It’s one thing to pair beer with food, especially for holidays or events like this weekend’s 50th Super Bowl — where you’ll probably be serving or drinking a lot of it — but beer is also pretty fun to cook with. (After all, we do it with wine all the time.) You can add beer to almost anything, from chili to shrimp boils, bread and cakes to queso. More than just a novelty ingredient, beer adds an extra dimension and depth to a dish, lending notes ranging from roasted barley to sweet fruit, chocolate to molasses.
“Craft beers have a lot of personality, but there’s a lot you can do with regular commercial brews too,” says Jerry Su, chef at Eagle Rock Brewery Public House, the restaurant outlet for one of Los Angeles’ most popular craft breweries. In fact, for a lot of cooking, commercial brews are ideal, simply because the price point is better than for more limited craft offerings. “Coors is a natural for a shrimp boil. With commercial beers, you can also trust that the flavor is consistent. You know what you’re getting.”
First, consider the type of beer you want to use and what style would best complement a dish. Wheat beers — often called “white,” “wit” or “weiss” — tend to be a little more mellow, with crisp, fruity notes that can pair well with everything from fish to grilled red meats.
Su uses Eagle Rock Brewery’s Manifesto beer in a light batter for the restaurant’s deep-fried cod sandwich, topped with a pickled jalapeño slaw and tangy malt vinegar aioli. The Belgian-style wheat beer is not too terribly hoppy or bitter, perfect with fish. “It’s mild,” says Su, “and lends great flavor.”
Other beers run the gamut from fruity and sharp to yeasty and malty. Take a complex stout beer — rich and dark, this beer is thick and creamy, redolent with molasses, coffee and roasted barley notes. The flavors are naturally suited to grilled meats, hearty stews and rich desserts.
Depending on how the beer is used in a recipe, the flavors can change as you cook with them. Add beer toward the end of a recipe, and the notes will largely remain true to the beer’s original character. But try cooking — particularly heating and reducing beer — and the flavors will concentrate and even evolve over time.
For stout and mustard chicken wings, complement a robust stout reduction with whole grain mustard and chopped garlic, along with minced thyme. A little honey and malt vinegar will offset the bitterness of the reduced beer, and grated Parmesan and soy sauce will add a touch of umami to your glaze.
“The key is using your palate and working with the harmony of flavors,” says Su. “Try a small amount [of beer] before adding it to a recipe.”
Keep in mind that as the beer is cooked, most, if not all, of the alcohol will burn off. And unlike wine, the carbonation in the beer can make it a valuable ingredient for certain types of dishes, particularly when it comes to deep-frying.
“Beer batter is something that’s super common,” says Su. Whisked into a simple batter consisting of nothing more than flour, salt and a touch of baking powder, a beer batter puffs up light and crisp. It’s a classic batter for deep-fried fish.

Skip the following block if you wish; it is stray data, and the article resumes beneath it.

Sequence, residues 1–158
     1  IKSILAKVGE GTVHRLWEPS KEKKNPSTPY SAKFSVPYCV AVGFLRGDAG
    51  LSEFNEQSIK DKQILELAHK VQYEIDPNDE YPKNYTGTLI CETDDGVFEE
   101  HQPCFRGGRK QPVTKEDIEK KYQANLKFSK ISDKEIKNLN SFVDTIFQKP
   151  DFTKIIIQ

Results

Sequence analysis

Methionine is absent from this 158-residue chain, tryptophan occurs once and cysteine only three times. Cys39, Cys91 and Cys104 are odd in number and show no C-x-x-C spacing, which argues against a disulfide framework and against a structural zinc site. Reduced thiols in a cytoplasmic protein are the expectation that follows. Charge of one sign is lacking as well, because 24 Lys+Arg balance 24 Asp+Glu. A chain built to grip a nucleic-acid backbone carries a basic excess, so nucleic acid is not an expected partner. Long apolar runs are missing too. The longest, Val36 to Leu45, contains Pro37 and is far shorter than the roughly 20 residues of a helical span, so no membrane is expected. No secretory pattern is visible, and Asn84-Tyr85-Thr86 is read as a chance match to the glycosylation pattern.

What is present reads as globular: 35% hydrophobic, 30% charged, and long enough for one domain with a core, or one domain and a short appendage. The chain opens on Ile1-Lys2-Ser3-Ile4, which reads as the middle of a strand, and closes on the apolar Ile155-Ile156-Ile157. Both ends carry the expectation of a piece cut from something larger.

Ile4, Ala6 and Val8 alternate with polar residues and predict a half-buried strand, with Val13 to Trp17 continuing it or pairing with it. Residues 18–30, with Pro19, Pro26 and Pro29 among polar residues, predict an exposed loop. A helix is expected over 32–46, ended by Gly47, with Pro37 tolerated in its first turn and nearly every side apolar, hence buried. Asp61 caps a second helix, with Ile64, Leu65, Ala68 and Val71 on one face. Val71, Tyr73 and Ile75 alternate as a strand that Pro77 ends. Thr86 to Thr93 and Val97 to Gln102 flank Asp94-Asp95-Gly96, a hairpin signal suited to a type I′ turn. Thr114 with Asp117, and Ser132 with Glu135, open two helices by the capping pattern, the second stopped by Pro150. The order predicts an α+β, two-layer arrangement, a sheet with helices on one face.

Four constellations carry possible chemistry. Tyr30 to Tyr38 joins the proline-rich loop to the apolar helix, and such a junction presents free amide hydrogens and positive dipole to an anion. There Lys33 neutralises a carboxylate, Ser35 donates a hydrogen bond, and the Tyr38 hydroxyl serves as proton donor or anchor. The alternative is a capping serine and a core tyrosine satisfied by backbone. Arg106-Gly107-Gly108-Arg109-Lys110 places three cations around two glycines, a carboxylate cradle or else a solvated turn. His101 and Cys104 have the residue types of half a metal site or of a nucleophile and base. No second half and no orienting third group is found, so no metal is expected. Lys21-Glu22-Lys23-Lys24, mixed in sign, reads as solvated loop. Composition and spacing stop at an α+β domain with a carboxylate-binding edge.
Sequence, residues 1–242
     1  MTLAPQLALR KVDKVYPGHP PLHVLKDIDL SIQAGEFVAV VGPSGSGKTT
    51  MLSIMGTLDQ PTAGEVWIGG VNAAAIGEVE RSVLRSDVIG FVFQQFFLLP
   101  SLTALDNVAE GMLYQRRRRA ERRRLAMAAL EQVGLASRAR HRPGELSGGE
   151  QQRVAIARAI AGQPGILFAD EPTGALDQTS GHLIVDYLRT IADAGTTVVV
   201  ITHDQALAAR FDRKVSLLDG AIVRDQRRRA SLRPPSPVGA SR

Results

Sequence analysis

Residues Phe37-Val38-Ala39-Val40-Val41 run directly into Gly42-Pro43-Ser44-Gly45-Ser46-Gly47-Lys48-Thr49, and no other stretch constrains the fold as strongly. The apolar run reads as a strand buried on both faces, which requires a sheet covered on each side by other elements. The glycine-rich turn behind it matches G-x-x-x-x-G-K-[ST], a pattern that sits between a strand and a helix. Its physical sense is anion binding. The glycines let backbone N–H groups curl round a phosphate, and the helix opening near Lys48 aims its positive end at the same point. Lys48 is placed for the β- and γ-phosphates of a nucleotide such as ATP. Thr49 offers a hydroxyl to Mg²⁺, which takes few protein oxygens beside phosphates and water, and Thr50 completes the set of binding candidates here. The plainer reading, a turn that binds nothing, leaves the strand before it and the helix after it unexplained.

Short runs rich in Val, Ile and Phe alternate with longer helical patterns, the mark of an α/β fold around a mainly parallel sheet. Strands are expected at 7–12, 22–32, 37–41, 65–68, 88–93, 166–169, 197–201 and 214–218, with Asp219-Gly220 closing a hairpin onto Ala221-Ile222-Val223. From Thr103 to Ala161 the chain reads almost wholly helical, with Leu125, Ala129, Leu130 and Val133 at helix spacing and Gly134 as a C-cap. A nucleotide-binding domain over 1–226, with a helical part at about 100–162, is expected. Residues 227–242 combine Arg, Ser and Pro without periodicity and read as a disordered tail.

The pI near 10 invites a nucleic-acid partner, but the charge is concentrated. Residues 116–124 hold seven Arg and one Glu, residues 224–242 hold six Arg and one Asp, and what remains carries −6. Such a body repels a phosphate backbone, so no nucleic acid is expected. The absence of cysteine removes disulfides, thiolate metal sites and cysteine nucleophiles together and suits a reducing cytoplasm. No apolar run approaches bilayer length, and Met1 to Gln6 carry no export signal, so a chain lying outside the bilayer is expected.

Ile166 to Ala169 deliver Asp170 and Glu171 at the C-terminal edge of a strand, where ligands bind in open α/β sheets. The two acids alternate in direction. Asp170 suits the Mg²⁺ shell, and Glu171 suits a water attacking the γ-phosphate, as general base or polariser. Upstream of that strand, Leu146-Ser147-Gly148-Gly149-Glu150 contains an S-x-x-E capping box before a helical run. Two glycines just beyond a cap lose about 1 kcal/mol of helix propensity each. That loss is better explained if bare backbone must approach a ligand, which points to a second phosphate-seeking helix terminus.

For a slightly different take, use it to batter mac-and-cheese bites, incorporating a sharp, bitter IPA to stand up to the richness of a cheddar- and smoked-gouda-based sauce.
Experiment a bit and you might find yourself cooking with beer frequently and using it in a variety of dishes. Still, always be sure to keep extra on hand — you know, for when you actually want to drink it.
Heat the oven to 350 degrees.
Bring a large pot of water to the boil and add the vegetable oil, then the macaroni. Cook the macaroni according to the manufacturer’s instructions to al dente, then drain. Spread the macaroni out on a rimmed baking sheet to cool slightly while you make the sauce.
In a medium, heavy pot, render the bacon until crisp, stirring frequently, 8 to 10 minutes. Using a slotted spoon, remove the bacon, leaving the fat in the pot. Drain the bacon on paper towels.
Measure the bacon fat in the pot. You will need 1/2 cup. If short, add butter as needed to have a total of 1/2 cup fat.
Heat the fat in the pot over medium heat and slowly whisk in 1/2 cup flour to create a roux. Cook the roux for 2 to 3 minutes until it is lightly colored, then begin to whisk in the half and half and 1 1/2 cups beer. Continue cooking, stirring frequently until the sauce begins to bubble and is thickened.
Stir or whisk in the grated cheeses until melted and incorporated, then stir in the bacon. Stir in the macaroni.
Spoon the macaroni and cheese into a greased 13-inch by 9-inch baking dish. Place the dish in the oven and bake until the sauce begins to bubble on the sides and the top is faintly golden, about 15 minutes. Remove and cool on a rack to room temperature, then cover and place the baking dish in the refrigerator until the macaroni and cheese chilled and completely firm, preferably overnight.
Fill a 4-quart pot with frying oil to a depth of 3 to 4 inches. Heat the oil to maintain a temperature of 350 degrees.
Make the beer batter: In a large bowl, whisk together the remaining 3 cups beer with the 3 cups flour, 1 1/4 teaspoons salt, and the baking powder. Whisk in the chives and Parmesan cheese and set aside.
Remove the macaroni and cheese from the refrigerator. Cut the macaroni and cheese into 1-inch squares.
Working with a few squares at a time, toss the bites into cornstarch to coat, then gently roll them in the beer batter to coat completely. Shake off the excess batter and carefully dip the bites into the hot oil. Fry the macaroni and cheese bites until the batter is puffed and lightly golden and the batter is crisp, about 2 minutes. Drain the bites on a rack, and continue frying. Serve the bites hot.
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